Most Sprightly Critique Of Totalitarianism

3. - I Served: Ivan Barnev as Jan Dite
Sony Pictures Classics
I Served the King of England
Director: Jiri Menzel
Rated R

In a year when both Kate Winslet and Tom Cruise played Nazis, the near-silent clown Ivan Barnev offers a comic yet more convincing depiction of why someone might have donned the swastika: to win the heart of an earnest Teutonic blond. Barnev plays a Chaplin-like waiter who rises to a job at Prague's best hotel, where he seeks only money and love. Instead, he is clobbered by the one-two punch of Nazi occupation and Soviet domination. Director Jiri Menzel doesn't play everything for laughs; there are wrenching shifts of tone at crucial moments. That the movie treats the 20th century as absurd doesn't mean it takes historical horrors lightly.

Most Eccentric Biopic

4. My Winnipeg: Frozen Horse Heads
IFC Films
My Winnipeg
Director: Guy Maddin

Offered the opportunity to make a movie about his hometown, Guy Maddin produced an astonishing and often hilarious "docu-fantasia." This film also has Nazis, but they're a minor irritant next to the shock of adolescent sexuality, the treachery of the National Hockey League and a domineering uber-mom. The director's style is simultaneously a homage to and parody of silent-era cinema, mostly in contrasty black and white but with fevered shades of local color. According to Maddin's mock history, his hometown "has 10 times the sleepwalking rate of any city in the world" — and this movie indeed suggests something encountered on the cusp of wakefulness.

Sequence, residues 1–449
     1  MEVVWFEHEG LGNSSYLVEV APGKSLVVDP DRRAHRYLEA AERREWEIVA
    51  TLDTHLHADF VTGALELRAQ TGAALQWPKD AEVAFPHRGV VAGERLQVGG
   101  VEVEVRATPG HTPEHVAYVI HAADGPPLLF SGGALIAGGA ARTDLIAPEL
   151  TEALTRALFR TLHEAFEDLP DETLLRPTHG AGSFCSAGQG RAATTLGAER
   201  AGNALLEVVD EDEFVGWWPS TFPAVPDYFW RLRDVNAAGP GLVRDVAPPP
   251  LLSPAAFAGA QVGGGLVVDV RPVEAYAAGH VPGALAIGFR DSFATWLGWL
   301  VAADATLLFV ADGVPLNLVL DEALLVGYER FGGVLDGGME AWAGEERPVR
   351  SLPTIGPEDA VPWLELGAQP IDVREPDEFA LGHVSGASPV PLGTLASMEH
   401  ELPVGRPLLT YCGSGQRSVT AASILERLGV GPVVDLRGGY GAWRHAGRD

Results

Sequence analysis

Most Distinctive Teen Flick

5. Paranoid Park: Gabe Nevins
IFC Films
Paranoid Park
Director: Gus Van Sant
Rated R

Paranoid Park is Gus Van Sant's best use yet of his mainstream narrative style, but his most heartfelt films are more abstract. While this beguiling tale of a shaggy-haired lost boy begins with a conventional strategy, adapting a mystery novel, the director circles around the story rather than approaching it directly. Turning on events at an ominous skateboard park and a nearby rail yard, the movie is a coming-of-age tale that depicts oncoming adulthood as both threatening and disorienting. Van Sant turns the mystery inside out, emphasizing his protagonist's blurry confusion over a crisp resolution.